Nothing resonates in a populist era better than [checks notes] a bunch of wealthy elites propping up a 47-year veteran of the Beltway. To be fair, Joe Biden has stated publicly that he doesn’t want help from super-PACs to campaign for the Democratic presidential nomination. However, Biden’s overall fundraising incompetence has Democratic institutional donors worried about whether Biden can make it to the finish line financially, CNN reports:
A coalition of top Democratic strategists and donors are intensifying conversations about setting up an outside group to bolster Joe Biden’s presidential candidacy, people familiar with the matter tell CNN, aiming to create a super PAC designed to fight back against a barrage of well-funded attacks from President Donald Trump’s campaign.
The idea of building an outside organization has been the subject of discussion for weeks by Biden allies, but the conversations intensified in the wake of a cash crunch for the former vice president’s campaign. He reported last week having less than $9 million in the bank, significantly less than his leading rivals.
The optics would look terrible, but Biden’s backers might not have much of a choice. His team has relied on big-ticket donors to the point where many of them can’t kick in any more cash directly to the campaign. In fact, as Politico reports this morning, Biden is the leading candidate for donations of $500 or more, and that’s the problem:
Biden has raised $20.7 million from contributions of at least $500 — $1.5 million more than his nearest competitor, despite entering the race later than all of them — thanks to the former vice president’s strong connections and goodwill among the traditional donors who have long financed the Democratic Party. Biden drew donations from 114 former big money fundraisers for Hillary Clinton and Barack Obama in the third quarter, the most of any Democrat, according to a POLITICO analysis.
But it’s been nowhere near enough to make Biden the leader of the fundraising pack. In fact, his big-dollar dominance, and his reliance on those donors, is more evidence of how quickly small-dollar donations have become the most important component of political fundraising in a sprawling, fractured Democratic race. Bernie Sanders, Elizabeth Warren and Pete Buttigieg are all outraising Biden, and stockpiling cash significantly faster than him, on the back of major support from online donors that Biden has been unable to build.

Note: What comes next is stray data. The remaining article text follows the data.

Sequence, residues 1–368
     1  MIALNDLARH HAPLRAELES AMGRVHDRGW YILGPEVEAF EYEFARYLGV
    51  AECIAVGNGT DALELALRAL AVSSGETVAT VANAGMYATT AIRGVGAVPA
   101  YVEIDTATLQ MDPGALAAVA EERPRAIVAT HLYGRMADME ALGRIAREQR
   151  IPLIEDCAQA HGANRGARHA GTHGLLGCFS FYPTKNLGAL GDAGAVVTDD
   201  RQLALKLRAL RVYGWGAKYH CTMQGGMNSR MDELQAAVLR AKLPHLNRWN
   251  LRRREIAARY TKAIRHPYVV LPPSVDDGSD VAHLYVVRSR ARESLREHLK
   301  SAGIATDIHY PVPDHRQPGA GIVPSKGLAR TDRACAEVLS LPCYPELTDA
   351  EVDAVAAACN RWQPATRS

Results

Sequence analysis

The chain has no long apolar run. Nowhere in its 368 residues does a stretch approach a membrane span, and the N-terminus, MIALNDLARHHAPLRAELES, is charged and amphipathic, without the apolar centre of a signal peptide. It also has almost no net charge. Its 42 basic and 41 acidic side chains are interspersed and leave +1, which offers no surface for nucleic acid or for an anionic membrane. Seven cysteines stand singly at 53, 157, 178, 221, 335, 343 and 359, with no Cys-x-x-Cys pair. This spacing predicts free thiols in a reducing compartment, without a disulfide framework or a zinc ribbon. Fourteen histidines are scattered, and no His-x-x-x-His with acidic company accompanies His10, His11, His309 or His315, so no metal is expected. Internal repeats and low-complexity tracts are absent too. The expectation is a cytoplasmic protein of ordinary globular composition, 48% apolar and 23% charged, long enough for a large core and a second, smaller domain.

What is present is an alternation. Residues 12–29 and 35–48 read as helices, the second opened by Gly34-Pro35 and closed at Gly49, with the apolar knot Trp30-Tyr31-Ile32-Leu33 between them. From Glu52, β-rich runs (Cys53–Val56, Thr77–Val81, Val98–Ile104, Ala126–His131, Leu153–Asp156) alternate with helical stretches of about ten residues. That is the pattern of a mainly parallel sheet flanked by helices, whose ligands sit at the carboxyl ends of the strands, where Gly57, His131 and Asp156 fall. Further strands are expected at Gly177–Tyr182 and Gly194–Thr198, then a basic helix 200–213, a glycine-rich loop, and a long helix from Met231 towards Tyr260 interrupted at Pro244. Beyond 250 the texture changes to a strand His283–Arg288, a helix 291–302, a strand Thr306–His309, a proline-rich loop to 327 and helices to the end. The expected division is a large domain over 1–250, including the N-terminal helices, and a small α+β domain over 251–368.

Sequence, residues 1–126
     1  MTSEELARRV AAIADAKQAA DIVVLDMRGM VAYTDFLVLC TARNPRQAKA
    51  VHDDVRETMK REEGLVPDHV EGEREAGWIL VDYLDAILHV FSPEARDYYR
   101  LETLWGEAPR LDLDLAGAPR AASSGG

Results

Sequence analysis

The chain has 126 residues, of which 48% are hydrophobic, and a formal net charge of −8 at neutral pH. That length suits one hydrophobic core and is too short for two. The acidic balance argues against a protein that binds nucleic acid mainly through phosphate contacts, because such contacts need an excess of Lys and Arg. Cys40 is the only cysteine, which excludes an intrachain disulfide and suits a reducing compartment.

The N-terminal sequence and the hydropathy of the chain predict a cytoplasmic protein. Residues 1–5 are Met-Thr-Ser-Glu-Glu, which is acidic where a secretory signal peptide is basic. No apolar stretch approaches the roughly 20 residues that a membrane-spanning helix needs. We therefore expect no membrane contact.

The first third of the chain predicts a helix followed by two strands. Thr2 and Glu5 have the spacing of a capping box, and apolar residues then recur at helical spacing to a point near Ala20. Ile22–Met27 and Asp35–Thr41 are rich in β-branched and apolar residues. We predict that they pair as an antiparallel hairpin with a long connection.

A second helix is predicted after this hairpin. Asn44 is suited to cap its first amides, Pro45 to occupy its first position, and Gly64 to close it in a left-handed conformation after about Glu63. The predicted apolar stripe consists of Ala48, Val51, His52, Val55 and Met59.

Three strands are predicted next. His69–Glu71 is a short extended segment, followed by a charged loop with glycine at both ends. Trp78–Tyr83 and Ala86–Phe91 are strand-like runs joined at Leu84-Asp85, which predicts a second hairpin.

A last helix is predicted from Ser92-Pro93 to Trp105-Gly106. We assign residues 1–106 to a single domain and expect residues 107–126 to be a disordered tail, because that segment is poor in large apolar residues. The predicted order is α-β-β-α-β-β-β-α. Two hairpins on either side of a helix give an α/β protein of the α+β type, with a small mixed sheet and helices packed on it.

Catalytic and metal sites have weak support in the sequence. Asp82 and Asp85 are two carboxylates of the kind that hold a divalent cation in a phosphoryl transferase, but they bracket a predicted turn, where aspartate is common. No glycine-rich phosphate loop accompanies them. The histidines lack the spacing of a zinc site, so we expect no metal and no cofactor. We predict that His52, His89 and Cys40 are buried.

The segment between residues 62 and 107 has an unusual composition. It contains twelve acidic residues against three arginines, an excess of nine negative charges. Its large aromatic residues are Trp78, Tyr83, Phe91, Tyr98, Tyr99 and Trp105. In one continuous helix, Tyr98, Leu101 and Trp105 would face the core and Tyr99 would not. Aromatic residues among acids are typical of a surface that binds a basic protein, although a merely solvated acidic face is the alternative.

If Biden raised all that money, why does he have a cash-on-hand problem? His burn rate has been spectacular, according to an ABC News report last week. In the third quarter, Biden spent $2 million more than he raised (which was already $6 million less than he raised in the second quarter) for a burn rate of 112%. That’s a very odd development for a campaign that seems intent on limiting its candidate’s public exposure. Whatever the reason, Biden’s in a tough spot; he only has $9 million on hand for the stretch run to the primaries, while top-tier opponents Elizabeth Warren ($25.7 million) and Bernie Sanders ($33.7 million) have lots more resources — and lots more money coming in.
So Biden has two big problems — income and outflow. A super-PAC could solve those problems by allowing outsiders to manage the money and the message, but it doesn’t solve the problems created by the candidate himself. At least one of these major institutional donors told Politico that he may have thrown good money after bad:
The bundler contributions and connections are helping keep Biden’s campaign afloat, but some of those donors are cringing at the way Biden is running his campaign.
“I don’t think Joe Biden is going to be the nominee,” said one major fundraiser, who said he gave to Biden out of loyalty during the third quarter. “I think there’s a thirst for something down the road taking us towards something bigger and better. That’s not going to be Joe Biden, for whom I have the utmost respect. He is acting his age and showing his age.”
On top of all that, the act of forming the super-PAC all but confirms what two previous presidential campaigns have proven about Biden: he’s not a good candidate. Biden has never been good about raising funds and continually sticks his foot in his mouth. The latter quality has been increasingly on display, along with a growing sense that Biden’s time has long since passed. Add to that the obvious desperation to prop him up by the same establishment that tried to rig Hillary Clinton’s nomination four years ago and you have a monumental populist crisis about to hit the Democratic Party.
We might need a super-PAC just to pay for all the popcorn.